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The Russian Federal Service for Supervision of Communications, Information Technology and Mass Media (Roskomnadzor) has warned some of the largest US web companies they will have to register as "organizers of information distribution".

According to the Russian daily Izvestiya, Google, Facebook and Twitter have all received letters asking them to comply with recently passed data protection laws, register with authorities and store the data of Russian users on servers located within the country.

Maxim Ksenzov, deputy chief of Roskomnadzor, said the US businesses will have to obey, “one way or another”.

“They are consulting each other, talking to the legal departments in California. We are also in contact and not rushing them at the moment.”

The second Cold War
Under the changes to the Russian law on personal data protection which came into force on August 1, email addresses and messages are now considered personal data. Any organization that stores or processes such data will have to maintain physical servers in Russia, and tell Roskomnadzor where exactly those servers are located.

There’s also a new requirement for any online messaging and social media service to store all communication ‘metadata’ – basic information on who has been contacting whom, where and when - for at least six months.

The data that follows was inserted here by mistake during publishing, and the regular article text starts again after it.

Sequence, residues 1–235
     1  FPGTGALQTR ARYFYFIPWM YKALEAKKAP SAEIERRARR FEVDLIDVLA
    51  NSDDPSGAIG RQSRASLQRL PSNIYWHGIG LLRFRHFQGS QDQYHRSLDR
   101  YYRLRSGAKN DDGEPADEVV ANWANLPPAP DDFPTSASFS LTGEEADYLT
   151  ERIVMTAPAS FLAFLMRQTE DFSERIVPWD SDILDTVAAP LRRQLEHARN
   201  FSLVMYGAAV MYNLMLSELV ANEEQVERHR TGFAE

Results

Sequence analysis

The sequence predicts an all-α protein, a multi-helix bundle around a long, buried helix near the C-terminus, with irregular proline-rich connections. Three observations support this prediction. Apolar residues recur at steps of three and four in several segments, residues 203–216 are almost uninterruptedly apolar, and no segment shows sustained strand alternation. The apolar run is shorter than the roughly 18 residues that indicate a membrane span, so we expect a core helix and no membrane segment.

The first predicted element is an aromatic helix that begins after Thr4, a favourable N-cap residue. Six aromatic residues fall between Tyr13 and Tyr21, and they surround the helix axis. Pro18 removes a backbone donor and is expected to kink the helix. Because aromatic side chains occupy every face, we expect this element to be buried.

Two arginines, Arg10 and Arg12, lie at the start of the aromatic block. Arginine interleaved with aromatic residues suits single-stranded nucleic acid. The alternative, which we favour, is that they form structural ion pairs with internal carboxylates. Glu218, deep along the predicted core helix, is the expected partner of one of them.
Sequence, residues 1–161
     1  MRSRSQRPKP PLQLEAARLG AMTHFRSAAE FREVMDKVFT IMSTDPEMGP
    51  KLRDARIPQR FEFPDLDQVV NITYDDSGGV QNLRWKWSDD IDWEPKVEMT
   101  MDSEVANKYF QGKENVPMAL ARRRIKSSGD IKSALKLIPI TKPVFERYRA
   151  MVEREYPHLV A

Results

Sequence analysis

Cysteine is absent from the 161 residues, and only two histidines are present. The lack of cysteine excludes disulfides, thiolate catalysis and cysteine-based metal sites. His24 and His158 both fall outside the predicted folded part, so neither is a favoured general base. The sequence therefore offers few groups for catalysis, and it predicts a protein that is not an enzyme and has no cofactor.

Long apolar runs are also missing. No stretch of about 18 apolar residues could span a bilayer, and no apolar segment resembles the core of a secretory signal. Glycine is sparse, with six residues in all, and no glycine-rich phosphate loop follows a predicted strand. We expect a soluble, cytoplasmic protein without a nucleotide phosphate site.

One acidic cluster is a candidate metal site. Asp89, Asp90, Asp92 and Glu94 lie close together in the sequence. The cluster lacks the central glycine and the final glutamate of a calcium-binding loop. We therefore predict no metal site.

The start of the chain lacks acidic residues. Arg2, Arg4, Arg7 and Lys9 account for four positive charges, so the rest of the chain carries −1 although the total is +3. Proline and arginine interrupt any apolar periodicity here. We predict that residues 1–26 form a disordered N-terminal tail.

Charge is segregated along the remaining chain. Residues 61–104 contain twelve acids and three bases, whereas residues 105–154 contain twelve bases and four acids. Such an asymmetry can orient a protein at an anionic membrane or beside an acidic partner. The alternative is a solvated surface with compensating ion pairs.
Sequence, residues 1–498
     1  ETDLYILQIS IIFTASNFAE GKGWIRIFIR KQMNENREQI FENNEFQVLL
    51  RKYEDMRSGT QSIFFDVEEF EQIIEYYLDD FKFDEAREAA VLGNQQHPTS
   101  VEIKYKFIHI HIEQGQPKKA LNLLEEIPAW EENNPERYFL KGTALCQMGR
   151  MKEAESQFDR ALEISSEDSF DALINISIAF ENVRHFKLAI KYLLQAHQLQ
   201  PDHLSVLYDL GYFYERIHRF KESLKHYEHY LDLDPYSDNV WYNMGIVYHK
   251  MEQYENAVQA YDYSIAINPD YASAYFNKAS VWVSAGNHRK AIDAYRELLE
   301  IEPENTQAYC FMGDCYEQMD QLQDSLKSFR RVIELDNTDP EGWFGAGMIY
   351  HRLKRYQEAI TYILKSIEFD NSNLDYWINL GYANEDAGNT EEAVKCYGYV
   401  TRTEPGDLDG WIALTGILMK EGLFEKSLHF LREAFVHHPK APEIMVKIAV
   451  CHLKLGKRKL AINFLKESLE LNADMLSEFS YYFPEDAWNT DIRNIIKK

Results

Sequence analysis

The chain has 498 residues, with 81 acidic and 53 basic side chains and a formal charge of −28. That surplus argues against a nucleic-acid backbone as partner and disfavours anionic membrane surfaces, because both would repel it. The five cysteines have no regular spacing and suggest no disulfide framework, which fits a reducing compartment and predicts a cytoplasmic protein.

Companies that do not follow the rules will face fines, and in case of repeat offenders, Roskomnadzor can instruct local Internet Service Providers (ISPs) to completely cut off access to the target website.

If the three US companies "do not comply with the demands of the Russian law, they will be subjected to administrative sanctions," Ksenzov said. "These three resources must make a decision about placing their data centers in Russia, and about the law on bloggers. They are preparing and intend to follow the guidelines."

The new data protection laws have been criticized as limiting the freedom of speech and paving the way towards state censorship.

At the same time, they could be seen as a response to reports about the intrusive surveillance practices of the US National Security Agency (NSA) and the UK’s GCHQ. Edward Snowden, who revealed classified information about the operations of both, is currently residing in Russia.

Most of the major Russian web companies have already registered with the media watchdog, including Yandex, Mail.Ru and social network VKontakte.

In 2013, Facebook briefly appeared on the Roskomnadzor’s Internet blacklist, after users complained about “illegal” content hosted on its website. The social network was threatened with a blanket ban across the country if it didn’t remove the offending pages in three days. Facebook chose to comply.